lack of substitutability of gTLD's
- To: revised-biz-info-org-agreements@xxxxxxxxx
- Subject: lack of substitutability of gTLD's
- From: "Edward Hasbrouck" <edward@xxxxxxxxxxxxx>
- Date: Tue, 07 Nov 2006 13:37:56 -0800
ICANN has asked for input on "whether the domain registration market is
one market or whether each TLD functions as a separate market, [and]
whether registrations in different TLDs are substitutable."
All of the unrestricted gTLD registries except .info are operated by
corporations chartered in the USA. As "U.S. persons", they are subject to
the laws of the USA.. The .info registry is operated by Affilias Ltd.,
which is incorporated in the Republic of Ireland.
Many activities that are lawful in much of the rest of the world are
unlawful in the USA. For example, U.S. persons may not "make travel
arrangements to, from, or within Cuba", or "do business with Aero
Continente, Aerocaribbean Airlines, Cubana Airlines or Vinales Tours ...
or any of the other 2,400 individuals and organizations on a U.S.
Government Specially Designated list," including making or cancelling
reservations, requesting refunds, or otherwise "facilitating" travel to
Cuba or on these airlines, without a license from the Office of Foreign
assets Control (OFAC) of the USA Department of the Treasury:
I can find no record of OFAC having issued any such license to ICANN or
any gTLD registry operator. It appears from OFAC's stated policies that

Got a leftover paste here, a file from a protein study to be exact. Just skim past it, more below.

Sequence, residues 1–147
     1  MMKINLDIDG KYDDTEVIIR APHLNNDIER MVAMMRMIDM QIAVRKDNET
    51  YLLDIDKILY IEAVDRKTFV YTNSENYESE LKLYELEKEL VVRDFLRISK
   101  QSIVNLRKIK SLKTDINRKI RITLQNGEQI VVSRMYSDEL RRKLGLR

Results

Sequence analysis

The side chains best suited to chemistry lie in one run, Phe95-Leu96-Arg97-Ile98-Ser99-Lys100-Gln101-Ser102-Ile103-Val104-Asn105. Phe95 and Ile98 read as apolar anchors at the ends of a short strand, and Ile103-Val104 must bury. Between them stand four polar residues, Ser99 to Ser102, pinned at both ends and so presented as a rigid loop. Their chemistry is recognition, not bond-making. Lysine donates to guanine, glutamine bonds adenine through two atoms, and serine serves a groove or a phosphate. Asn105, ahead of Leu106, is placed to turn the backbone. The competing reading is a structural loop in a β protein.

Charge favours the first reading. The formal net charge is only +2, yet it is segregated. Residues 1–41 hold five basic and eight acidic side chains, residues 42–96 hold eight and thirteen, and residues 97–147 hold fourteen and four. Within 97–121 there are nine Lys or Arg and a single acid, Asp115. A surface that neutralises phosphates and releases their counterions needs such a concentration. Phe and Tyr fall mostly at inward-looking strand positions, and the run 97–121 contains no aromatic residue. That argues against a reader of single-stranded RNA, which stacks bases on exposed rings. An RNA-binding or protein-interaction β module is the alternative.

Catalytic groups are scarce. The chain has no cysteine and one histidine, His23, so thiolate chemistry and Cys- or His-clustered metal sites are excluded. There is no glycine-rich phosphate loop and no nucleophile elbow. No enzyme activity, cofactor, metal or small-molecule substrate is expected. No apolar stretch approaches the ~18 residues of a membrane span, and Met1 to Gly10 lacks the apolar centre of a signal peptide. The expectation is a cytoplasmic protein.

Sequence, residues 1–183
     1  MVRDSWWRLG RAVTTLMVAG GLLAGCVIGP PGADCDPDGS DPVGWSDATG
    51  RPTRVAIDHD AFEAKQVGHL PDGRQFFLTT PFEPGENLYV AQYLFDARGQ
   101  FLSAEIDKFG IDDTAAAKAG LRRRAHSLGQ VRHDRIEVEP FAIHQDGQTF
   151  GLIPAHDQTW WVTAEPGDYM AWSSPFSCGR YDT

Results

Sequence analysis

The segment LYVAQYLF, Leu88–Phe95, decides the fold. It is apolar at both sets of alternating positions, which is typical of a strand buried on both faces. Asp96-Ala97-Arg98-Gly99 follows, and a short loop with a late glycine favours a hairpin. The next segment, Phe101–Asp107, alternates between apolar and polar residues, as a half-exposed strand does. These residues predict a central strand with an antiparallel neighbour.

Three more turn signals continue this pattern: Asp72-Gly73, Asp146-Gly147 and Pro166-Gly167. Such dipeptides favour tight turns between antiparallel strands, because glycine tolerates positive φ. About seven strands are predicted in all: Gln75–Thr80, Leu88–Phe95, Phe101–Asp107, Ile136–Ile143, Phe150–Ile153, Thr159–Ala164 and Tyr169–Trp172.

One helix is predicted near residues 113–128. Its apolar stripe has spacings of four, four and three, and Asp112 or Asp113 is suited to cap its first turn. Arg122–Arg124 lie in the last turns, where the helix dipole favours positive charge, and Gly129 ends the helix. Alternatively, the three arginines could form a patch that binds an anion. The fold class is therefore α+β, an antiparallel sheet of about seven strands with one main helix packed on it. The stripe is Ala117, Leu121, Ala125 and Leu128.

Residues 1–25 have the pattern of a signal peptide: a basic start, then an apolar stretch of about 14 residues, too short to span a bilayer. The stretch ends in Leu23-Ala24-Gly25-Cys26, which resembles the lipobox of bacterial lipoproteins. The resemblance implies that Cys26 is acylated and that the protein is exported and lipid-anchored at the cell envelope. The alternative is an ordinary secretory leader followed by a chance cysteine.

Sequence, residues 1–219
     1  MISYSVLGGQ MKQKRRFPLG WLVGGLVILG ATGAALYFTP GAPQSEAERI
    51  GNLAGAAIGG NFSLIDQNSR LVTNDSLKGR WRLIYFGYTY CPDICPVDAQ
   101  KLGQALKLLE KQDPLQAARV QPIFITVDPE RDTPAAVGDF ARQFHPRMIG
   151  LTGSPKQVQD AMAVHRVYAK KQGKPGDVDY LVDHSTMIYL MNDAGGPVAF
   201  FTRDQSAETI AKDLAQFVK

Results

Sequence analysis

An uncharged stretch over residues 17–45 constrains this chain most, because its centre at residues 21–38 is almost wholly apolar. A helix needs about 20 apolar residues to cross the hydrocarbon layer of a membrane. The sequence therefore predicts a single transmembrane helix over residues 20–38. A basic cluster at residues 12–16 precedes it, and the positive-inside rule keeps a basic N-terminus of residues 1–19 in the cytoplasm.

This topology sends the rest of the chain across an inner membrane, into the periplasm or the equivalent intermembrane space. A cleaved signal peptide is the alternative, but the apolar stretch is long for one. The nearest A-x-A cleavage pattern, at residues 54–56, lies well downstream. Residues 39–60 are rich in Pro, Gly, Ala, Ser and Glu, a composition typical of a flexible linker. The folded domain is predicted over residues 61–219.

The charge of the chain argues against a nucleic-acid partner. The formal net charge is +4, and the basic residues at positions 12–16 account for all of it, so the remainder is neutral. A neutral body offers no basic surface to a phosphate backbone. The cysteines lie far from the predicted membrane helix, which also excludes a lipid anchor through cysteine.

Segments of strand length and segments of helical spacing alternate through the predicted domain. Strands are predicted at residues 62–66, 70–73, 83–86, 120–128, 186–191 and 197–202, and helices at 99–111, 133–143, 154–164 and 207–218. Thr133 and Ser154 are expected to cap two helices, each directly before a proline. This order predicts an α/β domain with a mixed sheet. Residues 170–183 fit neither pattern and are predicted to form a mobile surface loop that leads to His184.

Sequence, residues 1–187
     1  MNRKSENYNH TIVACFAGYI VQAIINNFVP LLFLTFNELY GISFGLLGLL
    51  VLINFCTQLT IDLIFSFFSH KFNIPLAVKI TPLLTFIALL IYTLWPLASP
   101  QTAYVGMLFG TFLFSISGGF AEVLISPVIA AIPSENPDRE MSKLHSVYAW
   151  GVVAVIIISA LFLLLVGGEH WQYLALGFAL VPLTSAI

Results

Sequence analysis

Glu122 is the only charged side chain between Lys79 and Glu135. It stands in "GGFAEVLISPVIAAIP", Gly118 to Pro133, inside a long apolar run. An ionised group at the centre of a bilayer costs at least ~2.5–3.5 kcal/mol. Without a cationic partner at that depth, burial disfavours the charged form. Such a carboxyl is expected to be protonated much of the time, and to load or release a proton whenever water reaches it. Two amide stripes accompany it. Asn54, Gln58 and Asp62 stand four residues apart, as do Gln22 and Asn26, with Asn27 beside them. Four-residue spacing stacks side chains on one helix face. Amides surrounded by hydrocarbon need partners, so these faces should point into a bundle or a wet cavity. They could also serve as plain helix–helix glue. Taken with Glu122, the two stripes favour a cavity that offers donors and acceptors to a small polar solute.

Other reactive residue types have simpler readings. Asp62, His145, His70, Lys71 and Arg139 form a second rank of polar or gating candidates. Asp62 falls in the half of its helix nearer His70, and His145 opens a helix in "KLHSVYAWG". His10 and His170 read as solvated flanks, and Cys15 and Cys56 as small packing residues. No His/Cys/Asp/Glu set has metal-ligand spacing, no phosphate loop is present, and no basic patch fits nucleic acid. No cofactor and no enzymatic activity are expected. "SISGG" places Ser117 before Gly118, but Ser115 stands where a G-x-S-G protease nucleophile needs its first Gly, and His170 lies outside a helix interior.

no such license would be issued, even if it were applied for.
Operating an advertising or e-commerce Web site that promotes, sells, or
otherwise "facilitates" travel to Cuba would violate OFAC's rules.
Cuba is a significant destination for tourists from many other countries.
For example, every major travel agency in Canada sells tours and tickets
to Cuba, and could not compete effectively without doing so.
A travel agency in Canada -- or anywhere else in the world -- which sells
tickets or tours to Cuba thus has only one lawful choice of unrestricted
gTLD: .info. Many travel agencies in Canada and elsewhere use .com or
other gTLD domain names, but they do so in potential violation (probably
unwittingly) of OFAC's regulations, and at risk that the registry operator
as a "U.S. person" could be ordered by OFAC or by other legal authorities
in the USA to remove their domain name from the DNS.
Such a travel agency could, of course, use a ccTLD such as a .ca domain
name. But domain names are branding, imaging, and marketing tools, and a
ccTLD communicates a message that is not the same as that of a gTLD.
This is only one example of the types of activities that are illegal in
the USA, but legal in some or many other countries. For *all* such
activities, .info is not substitutable by any other current gTLD, and the
.info registration market functions as a separate and distinct market.
"The Practical Nomad: How to Travel Around the World"
(3rd edition, 2004, 4th edition forthcoming 2007)
"The Practical Nomad Guide to the Online Travel Marketplace"